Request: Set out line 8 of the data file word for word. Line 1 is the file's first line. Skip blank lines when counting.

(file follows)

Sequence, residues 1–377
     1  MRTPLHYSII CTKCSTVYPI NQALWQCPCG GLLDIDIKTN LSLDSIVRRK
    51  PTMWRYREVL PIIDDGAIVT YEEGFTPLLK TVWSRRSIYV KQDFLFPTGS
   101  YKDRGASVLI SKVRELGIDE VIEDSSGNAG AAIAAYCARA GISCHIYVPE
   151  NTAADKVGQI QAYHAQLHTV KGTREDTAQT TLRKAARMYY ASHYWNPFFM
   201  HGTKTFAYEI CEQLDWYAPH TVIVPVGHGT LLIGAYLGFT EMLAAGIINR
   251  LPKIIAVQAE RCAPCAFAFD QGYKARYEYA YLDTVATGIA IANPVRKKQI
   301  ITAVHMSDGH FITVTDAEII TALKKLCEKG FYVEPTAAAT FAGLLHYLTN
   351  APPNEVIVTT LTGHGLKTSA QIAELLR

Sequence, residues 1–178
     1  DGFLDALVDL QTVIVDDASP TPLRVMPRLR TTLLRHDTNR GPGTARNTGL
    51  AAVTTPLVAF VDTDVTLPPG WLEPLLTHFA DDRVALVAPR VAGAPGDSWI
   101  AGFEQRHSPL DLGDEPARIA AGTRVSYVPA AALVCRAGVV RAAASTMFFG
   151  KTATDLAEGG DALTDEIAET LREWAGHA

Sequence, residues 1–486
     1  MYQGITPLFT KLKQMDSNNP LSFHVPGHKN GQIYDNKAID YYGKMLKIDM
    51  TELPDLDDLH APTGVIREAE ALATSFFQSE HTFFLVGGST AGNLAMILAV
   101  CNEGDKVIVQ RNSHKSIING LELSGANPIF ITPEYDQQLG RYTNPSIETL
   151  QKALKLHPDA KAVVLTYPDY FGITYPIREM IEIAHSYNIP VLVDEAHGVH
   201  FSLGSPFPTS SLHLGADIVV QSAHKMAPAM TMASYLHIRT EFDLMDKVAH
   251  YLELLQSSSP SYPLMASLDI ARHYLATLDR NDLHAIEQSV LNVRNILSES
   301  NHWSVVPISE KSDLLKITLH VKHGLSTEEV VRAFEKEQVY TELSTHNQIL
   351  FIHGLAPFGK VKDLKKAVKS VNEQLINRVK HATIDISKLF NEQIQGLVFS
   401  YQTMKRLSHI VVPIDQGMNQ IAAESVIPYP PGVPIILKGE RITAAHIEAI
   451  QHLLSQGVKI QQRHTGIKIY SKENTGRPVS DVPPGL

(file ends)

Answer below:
   301  ITAVHMSDGH FITVTDAEII TALKKLCEKG FYVEPTAAAT FAGLLHYLTN